Lil Xan TOTAL XANARCHY

[Columbia; 2018]

Styles: SoundCloud rap, trap, mumble rap
Others: Lil Pump, Lil Peep, Jake Paul

Lil Xan is boring. This is one of the harshest aspersions I can cast on the Redlands mumble rapper, but it’s also one of the more diplomatic things I can say of him. In a trendy subgenre like emo rap, where sensationalistic subject matter like drug abuse, self-harm, and suicide is the preferred stock in trade, to call Xan underwhelming is to dismiss both him and his message. But on the other hand, the MC born Diego Leanos has seen a barrage of negativity recently in the form of unenthusiastic album reviews and accusations of inauthenticity following an interview in which he calls Tupac’s music, erm, “boring.” So to say the same thing of Xan is more or less a defense of him; Leanos may be boring, but he’s not the odious little twerp hellbent on sabotaging hip-hop that so many have made him out to be. Really, he’s just a kid coping with his demons through his (admittedly bland) music.

A former Xanax addict looking to deglamorize the drug by making it his namesake, Lil Xan is an enigma to be sure. In a genre that valorizes self-medication and escapism, Xan’s modus operandi comes off as more half-baked than subversive. His putatively anti-drug stance sounds more like an ex post facto decision on the album than a guiding principle. Still, if Xan is looking for catharsis on TOTAL XANARCHY, he’s succeeded, even if he’s the only one happy to hear about it.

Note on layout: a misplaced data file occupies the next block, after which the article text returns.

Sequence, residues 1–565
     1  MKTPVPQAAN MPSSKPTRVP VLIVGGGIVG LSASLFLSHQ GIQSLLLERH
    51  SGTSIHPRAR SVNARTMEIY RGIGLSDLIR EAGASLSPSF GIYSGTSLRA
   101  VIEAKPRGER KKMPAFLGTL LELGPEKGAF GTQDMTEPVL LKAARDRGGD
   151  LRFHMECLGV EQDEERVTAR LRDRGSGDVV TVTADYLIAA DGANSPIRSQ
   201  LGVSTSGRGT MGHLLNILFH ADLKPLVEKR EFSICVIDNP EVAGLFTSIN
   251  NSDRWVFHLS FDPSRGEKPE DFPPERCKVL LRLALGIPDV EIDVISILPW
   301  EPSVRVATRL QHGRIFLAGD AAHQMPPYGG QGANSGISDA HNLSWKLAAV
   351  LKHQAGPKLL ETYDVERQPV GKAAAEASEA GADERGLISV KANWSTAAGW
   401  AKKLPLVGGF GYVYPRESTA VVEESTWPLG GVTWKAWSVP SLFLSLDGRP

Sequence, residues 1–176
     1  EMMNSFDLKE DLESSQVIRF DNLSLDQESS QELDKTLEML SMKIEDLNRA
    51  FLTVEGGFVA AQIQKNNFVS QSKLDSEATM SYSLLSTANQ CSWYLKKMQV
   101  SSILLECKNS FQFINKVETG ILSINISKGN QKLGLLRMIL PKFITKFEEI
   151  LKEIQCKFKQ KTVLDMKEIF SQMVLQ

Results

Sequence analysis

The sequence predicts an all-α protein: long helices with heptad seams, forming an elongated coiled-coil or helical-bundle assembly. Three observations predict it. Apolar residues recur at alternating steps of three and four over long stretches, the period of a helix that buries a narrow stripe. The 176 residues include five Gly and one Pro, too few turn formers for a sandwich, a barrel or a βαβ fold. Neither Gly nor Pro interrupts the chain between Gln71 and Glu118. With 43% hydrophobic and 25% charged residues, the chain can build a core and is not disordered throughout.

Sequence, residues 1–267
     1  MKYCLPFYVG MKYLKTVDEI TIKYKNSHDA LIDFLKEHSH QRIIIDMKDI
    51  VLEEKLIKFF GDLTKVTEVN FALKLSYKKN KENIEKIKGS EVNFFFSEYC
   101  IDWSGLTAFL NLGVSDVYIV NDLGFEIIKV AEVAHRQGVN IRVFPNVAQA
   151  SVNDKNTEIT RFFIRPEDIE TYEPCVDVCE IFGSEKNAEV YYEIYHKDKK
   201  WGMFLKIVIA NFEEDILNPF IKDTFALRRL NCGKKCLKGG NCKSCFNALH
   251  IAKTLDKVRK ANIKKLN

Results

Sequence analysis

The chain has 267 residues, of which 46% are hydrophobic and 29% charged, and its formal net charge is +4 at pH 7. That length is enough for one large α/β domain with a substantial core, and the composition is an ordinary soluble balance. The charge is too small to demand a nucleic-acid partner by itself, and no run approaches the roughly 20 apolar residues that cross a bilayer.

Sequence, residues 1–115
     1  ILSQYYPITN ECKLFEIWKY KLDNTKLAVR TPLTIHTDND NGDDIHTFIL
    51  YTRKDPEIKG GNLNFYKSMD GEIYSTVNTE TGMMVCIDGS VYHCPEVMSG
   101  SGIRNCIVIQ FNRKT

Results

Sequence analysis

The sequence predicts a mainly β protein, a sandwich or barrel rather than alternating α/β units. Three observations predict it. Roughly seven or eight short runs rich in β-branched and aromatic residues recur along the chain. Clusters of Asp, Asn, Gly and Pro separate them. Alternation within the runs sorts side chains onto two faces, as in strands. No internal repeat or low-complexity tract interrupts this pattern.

XANARCHY is hindered by homogeneity more than anything else. It’s got all the signposts of late-2010s trap: tight, brittle 808 drums, loud waves of monotone bass, sleepy vocals that slur phrases into single legato, polysyllabic words, etc. As such, the album would work as a passable trap effort, but underneath Lil Xan’s disengaged delivery, TOTAL XANARCHY ends up slogging through his sketches of abandonment, addiction, and, conversely, fame and success, with total listlessness. While Xan relays the indignities of dissolving friendships and drug-induced anhedonia on “Basically,” he does so with the same mid-level energy as that on the puerile brag song “Diamonds.” Even when it’s broken up by the fairly impressive array of guest spots dotting the album and the standout single “Betrayed,” XANARCHY’s monotony continuously proves to be the record’s most insurmountable, pernicious element.

Amid a maelstrom of tepid, low-stake feuds with other rappers and critics, the most interesting (and funniest) thing Lil Xan has done recently is enter into a flame war with comedian Jon Daly (a.k.a. Lil Xan’s Dad, a.k.a. Big Baby Aspirin). This beef is probably the best illustration of Xan’s current standing in the world of hip-hop: not yet ready for big league controversies, Lil Xan is relegated to Daly for feuding, at least until he gains more clout in the industry. But despite all the acrimony surrounding Leanos at the moment, there’s something to be said for the dopey, cheery face on TOTAL XANARCHY’s cover. Behind his stony vocal performance, Xan sounds like he’s genuinely enjoying himself. At least one of us is.

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